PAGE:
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The 1970s and 1980s were a historic period for women in Malaysia’s track and field story.
“We were the wonder women of athletics at the time,” says Datuk Marina Chin as she listens to her comrades recall stories from their shared past.
Malaysia had not one or two extraordinary athletes but a squad of strong women in athletics, including Saik Oik Cum, who was called “the 400m wonder”.
These athletes never felt gender was an issue for women in sports in Malaysia.
“And it still isn’t. We never felt disadvantaged because we were women. I feel there is equal opportunity for women in sports. In Malaysia, sports isn’t gender biased. Even now, we are promoting women’s football with the Tun Sharifah Rodziah Cup and also women’s rugby. The doors are open for women in Malaysia and if women feel like doing a sport, they can get together, form a team and play,” says Chin, adding that women often put restrictions on themselves because they worry about their community’s perceptions.
V. Angamah agrees wholeheartedly. Women, she insists, must not stop themselves from achieving their full potential, whether in sports or in any other field.
“We are individuals and we have to push our limits. We are capable of anything and we have to give it our best,” she says.
Angamah applauds her father for having the courage to ignore cultural limitations imposed on women.
“My father was a conservative man from India. And our community was very conservative. Ladies were not encouraged to participate in outdoor activities and we were not ‘supposed’ to go out in shorts. But I salute my father who gave me the golden opportunity to excel. I climbed trees, jumped into rivers, ran. People would comment that I was ‘like a boy’. But he encouraged me, only I think I took it further than he expected,” she relates.
It was a natural progression for all four women to nurture and mentor younger generations of athletes.
Datuk Zaiton Othman, Chin and Angamah all trained as teachers. They inspired their students to aim for the skies where sports is concerned. Datuk Paduka Mumtaz Jaafar broke boundaries by becoming among the first female coach to train a male runner when she took sprinter Watson Nyambek (“the flying Dayak”) under her wings and led him to the Olympic games in Atlanta (1996) and Sydney (2000).
Angamah recently retired from teaching while Chin, Zaiton and Mumtaz took on administrative roles in sports. Zaiton is Sports Commissioner and Mumtaz is the vice president of the Olympic Council of Malaysia.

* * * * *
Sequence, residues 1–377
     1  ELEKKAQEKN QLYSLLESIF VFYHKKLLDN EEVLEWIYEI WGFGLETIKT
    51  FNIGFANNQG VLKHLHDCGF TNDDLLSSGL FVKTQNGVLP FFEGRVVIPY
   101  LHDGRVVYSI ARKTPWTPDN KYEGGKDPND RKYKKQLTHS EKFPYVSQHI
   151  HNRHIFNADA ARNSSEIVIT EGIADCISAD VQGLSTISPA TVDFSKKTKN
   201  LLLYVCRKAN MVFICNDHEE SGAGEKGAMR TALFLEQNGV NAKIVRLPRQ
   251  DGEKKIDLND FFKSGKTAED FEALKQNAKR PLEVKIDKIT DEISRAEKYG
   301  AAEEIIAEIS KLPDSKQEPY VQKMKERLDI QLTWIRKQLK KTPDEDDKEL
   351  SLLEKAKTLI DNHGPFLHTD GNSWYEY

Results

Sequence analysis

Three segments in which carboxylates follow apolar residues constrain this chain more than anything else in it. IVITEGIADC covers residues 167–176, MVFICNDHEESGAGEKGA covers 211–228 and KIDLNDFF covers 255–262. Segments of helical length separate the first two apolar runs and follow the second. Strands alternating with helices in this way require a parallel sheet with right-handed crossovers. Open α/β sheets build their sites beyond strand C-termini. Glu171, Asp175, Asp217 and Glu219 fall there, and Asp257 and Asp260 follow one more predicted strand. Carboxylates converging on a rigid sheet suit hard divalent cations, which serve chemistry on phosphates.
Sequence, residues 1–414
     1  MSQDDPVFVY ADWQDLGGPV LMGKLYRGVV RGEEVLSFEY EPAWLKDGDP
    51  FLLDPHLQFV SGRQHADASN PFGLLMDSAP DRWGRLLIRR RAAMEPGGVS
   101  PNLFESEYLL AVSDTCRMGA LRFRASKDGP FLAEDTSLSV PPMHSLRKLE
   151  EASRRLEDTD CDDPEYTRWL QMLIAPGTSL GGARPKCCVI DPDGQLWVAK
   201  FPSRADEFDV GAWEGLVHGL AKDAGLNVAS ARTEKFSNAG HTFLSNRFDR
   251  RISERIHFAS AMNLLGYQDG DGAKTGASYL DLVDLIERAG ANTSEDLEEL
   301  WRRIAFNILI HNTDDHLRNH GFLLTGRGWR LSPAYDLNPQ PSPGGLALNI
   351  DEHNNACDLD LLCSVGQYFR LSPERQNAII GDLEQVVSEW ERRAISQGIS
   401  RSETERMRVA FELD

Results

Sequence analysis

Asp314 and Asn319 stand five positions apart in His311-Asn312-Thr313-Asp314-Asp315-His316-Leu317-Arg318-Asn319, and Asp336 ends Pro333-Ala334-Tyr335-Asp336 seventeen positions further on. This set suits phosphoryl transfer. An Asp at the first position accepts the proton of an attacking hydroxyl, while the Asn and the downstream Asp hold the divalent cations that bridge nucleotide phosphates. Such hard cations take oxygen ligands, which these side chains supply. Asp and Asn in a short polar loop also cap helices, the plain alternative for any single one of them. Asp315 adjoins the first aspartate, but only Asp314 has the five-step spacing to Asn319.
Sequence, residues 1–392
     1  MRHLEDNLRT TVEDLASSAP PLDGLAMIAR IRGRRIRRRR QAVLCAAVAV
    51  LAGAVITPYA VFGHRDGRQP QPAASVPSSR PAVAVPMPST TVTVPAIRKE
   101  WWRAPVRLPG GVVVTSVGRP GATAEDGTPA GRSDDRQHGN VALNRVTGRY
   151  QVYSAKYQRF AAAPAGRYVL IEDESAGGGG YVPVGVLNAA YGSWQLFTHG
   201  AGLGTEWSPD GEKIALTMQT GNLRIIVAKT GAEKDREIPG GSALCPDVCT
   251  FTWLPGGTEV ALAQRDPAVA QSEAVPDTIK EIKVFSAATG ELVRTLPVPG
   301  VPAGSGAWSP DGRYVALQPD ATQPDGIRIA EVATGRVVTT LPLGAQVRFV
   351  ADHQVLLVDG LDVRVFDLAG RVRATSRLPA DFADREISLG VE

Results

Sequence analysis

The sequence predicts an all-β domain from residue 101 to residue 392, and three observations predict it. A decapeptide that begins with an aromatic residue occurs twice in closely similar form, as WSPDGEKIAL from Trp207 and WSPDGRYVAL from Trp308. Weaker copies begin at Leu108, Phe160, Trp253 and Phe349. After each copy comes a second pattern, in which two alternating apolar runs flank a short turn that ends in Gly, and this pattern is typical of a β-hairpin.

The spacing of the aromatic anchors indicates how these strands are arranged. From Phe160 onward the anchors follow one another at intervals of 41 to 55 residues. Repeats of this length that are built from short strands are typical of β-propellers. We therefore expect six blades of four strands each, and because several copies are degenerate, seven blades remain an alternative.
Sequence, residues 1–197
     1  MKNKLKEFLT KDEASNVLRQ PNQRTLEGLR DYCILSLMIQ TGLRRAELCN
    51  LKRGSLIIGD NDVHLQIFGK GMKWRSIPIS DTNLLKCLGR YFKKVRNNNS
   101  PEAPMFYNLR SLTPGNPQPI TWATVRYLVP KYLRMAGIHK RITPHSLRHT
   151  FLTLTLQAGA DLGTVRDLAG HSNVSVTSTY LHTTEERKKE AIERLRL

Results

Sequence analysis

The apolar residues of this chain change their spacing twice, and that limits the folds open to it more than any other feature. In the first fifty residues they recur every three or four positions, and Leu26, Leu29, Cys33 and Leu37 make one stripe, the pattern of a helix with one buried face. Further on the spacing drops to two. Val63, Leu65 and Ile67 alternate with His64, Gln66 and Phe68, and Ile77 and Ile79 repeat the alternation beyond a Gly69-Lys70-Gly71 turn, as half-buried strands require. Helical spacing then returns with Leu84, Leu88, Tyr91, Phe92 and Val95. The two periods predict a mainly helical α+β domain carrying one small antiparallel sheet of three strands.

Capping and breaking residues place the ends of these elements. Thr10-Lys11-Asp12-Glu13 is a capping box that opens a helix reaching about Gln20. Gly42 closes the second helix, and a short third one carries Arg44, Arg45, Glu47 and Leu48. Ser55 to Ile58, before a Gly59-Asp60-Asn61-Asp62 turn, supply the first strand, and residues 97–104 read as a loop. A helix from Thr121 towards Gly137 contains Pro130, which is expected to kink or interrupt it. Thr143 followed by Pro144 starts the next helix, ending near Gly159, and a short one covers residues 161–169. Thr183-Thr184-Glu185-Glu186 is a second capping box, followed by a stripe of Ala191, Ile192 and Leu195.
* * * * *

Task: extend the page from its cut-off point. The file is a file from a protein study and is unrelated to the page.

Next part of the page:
“I loved teaching and even though I am in admin, I enjoyed coaching school kids. I felt they appointed me head of school because I was Marina Chin and due to my experience competing. And it came in handy because when the kids come and tell me they are too tired from training to go to class, I could say ‘What nonsense. Been there, done that, so don’t give me that crap’,” says Chin who is well-known for being a disciplinarian and a mother figure to her students.
As a physical education teacher at SM Jalan Reko in Kajang, Selangor, Angamah used her expertise and experiences as an athlete to inspire girls to participate actively in sports.
“I would see the girls shying away from sports, especially once a month, you know, they would use (menstruation) as an excuse not to take part. I didn’t allow them to though. I’d tell them how I ran and won the 800m gold at the 1981 games while I was (menstruating) and if I could do it, they could too. After all, this was just PE,” she says.
Zaiton is committed to improving the management of sports in the country. The graduate in sports psychology sees her appointment as Commissioner as her chance to make a difference in a field she is still so passionate about.
“I am in a position to do something now and there are a lot of things I want to correct. Over the years, sports has gone through a lot of pain with associations that were not managed well and I hope we can right the wrongs and drive our industry further,” she says.
And she hopes that her heptathlon record will be broken.
“It’s been 36 years and it’s embarrassing that we haven’t been able to produce an athlete that can break the record,” she says.
Chin assures her there is hope that it may be broken at the upcoming SEA Games.
What we need, says Mumtaz, is for the younger generation of athletes and former athletes to contribute towards the development of sports in the country.
“We need more role models and hopefully the next generation will follow,” she says.